Thank you for the expert folks at Expat Finder for publishing the interview!
Please find complete text below:
14 September 2016
\We’ve had the chance to talk to Raquel Miranda, 44, a Brazilian-American expat who has moved to Brazil with her family. Mrs. Miranda who has been living there for two years now works as a public health specialist.
Read more about her experiences in the full interview below.
Q: Where are you from originally?
A: From Itaguai, Rio de Janeiro, Brazil
Q: What made you move out of Rio de Janeiro, Brazil?
A: A post-doctoral research opportunity at UCDavis, California, in 2001
Q: Where are you living now? How did you come to choose this new country of residence?
A: In Brasilia, Brazil
Q: How long have you been living in Brasilia, Brazil?
A: Since August 2014
Q: Are you living alone or with your family? If yes, how are they adjusting to the Expat Lifestyle?
A: With family. Yes, the husband and our three third-culture children are adjusting pretty well, despite their young age [almost 11, 8 and 5]
Q: Do you miss home and family sometimes? How do you cope with homesickness?
A: I do. We Skype, call each other on the phone, write emails and have a family WahtsApp group
Q: What do you think about the locals?
A: Right now, we’re living in Brasilia, the capital of Brazil, and it’s coincidentally the city I grew up in, since both my parents used to be federal public servants
Q: Was it easy making friends and meeting people? Do you mainly socialise with other expats in Brasilia, Brazil? How did you manage to find a social circle there?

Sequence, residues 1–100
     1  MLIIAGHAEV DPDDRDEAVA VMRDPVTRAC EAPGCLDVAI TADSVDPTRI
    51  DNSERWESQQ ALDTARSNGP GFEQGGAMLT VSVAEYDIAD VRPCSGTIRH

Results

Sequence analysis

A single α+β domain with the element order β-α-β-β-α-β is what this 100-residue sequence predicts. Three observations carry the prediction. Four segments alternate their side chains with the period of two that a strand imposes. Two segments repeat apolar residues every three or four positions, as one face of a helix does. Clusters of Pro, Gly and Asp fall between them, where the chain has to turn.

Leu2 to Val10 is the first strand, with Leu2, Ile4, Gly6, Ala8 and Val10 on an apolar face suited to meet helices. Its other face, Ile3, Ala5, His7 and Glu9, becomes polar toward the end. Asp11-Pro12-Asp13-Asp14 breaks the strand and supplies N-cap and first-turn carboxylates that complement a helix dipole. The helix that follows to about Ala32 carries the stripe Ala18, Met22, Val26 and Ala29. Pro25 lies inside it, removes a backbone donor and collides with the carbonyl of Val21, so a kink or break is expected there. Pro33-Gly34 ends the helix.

A: Coming back to the place I grew up in, some 22 years later was quite interesting, and challenging! Making new friends, as a working mother, and being perceived as a ‘diplomatic spouse’, was an intriguing piece of the puzzle! After six months back, I already had a good group of friends from work, other parents from the school, and acquaintances, associated with the US embassy.
Q: How does the cost of living in Brasilia, Brazil compare to your home?
A: Comparing to the US
•Q: How much is a cup of coffee?
A: A couple of dollars
•Q: How much is a meal in an inexpensive restaurant?
A: Anywhere around 5-10 dollars
•Q: How much is a meal in an expensive restaurant?
A: Could be pretty expensive. One could easily spend 100-200 dollars one a meal with wine/drinks [date night!]
•Q: How much is a bottle of wine? How about a pack of cigarettes?
A: Wine tends to be quite inexpensive since Brazil and neighbouring Argentina and Chile are good producers. Anywhere from $7 – 25 a bottle
Q: Do you have any tips for future expats when it comes to opening a bank account in Brasilia, Brazil?
A: Pack lots of patience! Have your CPF [tax number], have proof of local residency [any utility bill would do it!]; know your full address and have a landline phone number. Besides that, just bring a good reading book, be prepared to sit down and wait, with the patience you remembered to pack!